Brian Gaar, Austin American-Statesman, Analysts: Austin tech scene is back from recession
May 10, 2014
Back in 2009, in the middle of the nation’s economic downturn, Austin’s tech sector was taking a beating.
Worldwide PC sales were slowing. Companies were tightening their belts. Tech startups were failing. At the end of 2009, the area’s number of jobs in key tech industries had slumped to less than 82,000 — the lowest since the dot-com bust of the early 2000s.
“It was a grim place for tech in the worst of the recession as layoffs were being reported all over the city,” said tech analyst Patrick Moorhead of Moor Insights & Strategy. “It was ugly.”
But five years later, things are looking brighter for Austin’s technology sector.
Despite national fears of another tech bubble, local analysts and economists say they’re optimistic when it comes to the health of Austin’s tech sector.
Austin’s tech sector’s total employment has climbed back up to more than 100,000 jobs — a jump of about 19 percent since the end of the recession in 2009, according to Brian Kelsey, principal of Civic Analytics, an Austin-based economic consulting firm. Austin is on pace this year to exceed its 2001 tech employment, Kelsey said, “which would be a remarkable achievement given the depths of the recession experienced locally after the dot-com bust.”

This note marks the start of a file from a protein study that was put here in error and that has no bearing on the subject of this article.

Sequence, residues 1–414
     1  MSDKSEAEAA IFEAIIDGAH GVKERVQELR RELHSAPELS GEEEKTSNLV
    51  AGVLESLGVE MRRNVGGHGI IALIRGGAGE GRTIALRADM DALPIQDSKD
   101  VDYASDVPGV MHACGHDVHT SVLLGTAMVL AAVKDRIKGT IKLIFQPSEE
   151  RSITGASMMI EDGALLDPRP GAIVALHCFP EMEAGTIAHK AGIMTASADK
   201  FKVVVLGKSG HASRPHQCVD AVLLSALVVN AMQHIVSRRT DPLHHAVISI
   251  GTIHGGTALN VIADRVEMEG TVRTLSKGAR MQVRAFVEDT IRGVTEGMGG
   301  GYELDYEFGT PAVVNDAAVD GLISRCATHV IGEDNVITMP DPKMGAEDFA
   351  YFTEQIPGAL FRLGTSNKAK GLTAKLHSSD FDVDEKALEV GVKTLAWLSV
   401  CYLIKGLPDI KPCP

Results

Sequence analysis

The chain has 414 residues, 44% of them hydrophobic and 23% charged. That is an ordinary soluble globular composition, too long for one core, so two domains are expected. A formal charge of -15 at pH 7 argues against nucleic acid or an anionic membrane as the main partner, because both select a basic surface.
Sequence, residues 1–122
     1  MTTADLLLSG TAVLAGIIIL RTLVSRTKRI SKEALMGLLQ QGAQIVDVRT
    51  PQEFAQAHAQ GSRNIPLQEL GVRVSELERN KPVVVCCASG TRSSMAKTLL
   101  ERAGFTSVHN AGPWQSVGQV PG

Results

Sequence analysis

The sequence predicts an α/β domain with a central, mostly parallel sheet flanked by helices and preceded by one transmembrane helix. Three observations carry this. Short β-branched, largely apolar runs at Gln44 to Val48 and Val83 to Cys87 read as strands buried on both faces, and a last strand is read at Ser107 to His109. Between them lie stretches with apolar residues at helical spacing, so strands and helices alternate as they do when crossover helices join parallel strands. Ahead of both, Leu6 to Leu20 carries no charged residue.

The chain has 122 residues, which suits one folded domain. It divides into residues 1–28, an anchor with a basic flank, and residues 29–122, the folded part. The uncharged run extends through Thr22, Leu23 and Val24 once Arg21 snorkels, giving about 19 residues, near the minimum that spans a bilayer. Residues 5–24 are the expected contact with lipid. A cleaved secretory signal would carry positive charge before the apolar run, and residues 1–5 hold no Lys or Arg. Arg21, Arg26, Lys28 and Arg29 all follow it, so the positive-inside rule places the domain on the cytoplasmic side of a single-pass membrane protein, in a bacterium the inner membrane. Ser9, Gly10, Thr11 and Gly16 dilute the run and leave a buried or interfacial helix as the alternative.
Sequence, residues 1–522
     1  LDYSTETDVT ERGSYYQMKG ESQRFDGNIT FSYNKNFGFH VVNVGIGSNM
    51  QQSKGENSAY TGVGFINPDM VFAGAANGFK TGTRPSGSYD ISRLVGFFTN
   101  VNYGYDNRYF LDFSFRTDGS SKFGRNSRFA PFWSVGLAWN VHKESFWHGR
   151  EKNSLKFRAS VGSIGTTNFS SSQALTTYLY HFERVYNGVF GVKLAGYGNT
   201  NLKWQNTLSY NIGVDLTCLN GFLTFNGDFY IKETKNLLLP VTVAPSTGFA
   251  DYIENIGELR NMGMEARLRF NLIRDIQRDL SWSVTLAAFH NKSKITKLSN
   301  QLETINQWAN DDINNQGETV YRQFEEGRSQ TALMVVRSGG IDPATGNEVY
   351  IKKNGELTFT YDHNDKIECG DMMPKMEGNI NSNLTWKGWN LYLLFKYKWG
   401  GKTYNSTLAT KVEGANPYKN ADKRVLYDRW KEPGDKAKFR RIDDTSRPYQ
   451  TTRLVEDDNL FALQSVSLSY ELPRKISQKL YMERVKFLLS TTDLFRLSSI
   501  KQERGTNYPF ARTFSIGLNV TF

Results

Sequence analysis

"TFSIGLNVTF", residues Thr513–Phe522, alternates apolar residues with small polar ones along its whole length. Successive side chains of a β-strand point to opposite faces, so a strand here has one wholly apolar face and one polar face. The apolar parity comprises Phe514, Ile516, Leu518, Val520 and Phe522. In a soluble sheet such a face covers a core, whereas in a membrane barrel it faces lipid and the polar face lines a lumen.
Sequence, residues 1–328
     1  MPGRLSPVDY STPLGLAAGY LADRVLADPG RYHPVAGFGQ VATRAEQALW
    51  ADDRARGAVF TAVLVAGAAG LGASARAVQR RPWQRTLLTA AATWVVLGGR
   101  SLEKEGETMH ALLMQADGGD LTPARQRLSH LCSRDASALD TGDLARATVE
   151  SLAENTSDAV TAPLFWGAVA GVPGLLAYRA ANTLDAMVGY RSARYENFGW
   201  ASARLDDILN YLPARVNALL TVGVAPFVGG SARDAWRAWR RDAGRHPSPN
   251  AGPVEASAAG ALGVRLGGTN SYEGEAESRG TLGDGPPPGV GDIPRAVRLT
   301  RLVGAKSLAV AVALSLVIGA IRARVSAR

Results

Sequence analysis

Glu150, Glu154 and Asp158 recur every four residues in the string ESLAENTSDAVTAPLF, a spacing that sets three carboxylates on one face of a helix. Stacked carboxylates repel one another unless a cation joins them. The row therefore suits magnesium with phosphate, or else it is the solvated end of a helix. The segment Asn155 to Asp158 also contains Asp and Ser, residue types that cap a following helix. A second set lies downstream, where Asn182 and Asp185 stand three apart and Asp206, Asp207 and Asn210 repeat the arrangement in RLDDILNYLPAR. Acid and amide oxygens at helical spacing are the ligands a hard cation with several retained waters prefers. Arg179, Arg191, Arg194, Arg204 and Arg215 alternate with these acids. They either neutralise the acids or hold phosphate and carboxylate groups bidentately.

Local high-tech companies supplied about 9 percent of the area’s jobs in 2012, according to data from Civic Analytics and the Austin Technology Council. If local tech jobs reach 101,000 this year, those numbers would rise to almost 12 percent of the metro area’s roughly 855,000 jobs.
As it bounces back, the area’s tech sector does, however, have a different look as it evolves away from hardware and PC sales. At the same time Dell Inc., long the anchor of the area’s tech scene, is now privately held and in transition. Apple Inc. is boosting its Austin presence with a new operations center. At Flextronics’ Austin site, they are building the first U.S.-made Apple computers in years. Advanced Micro Devices says it is poised to boom.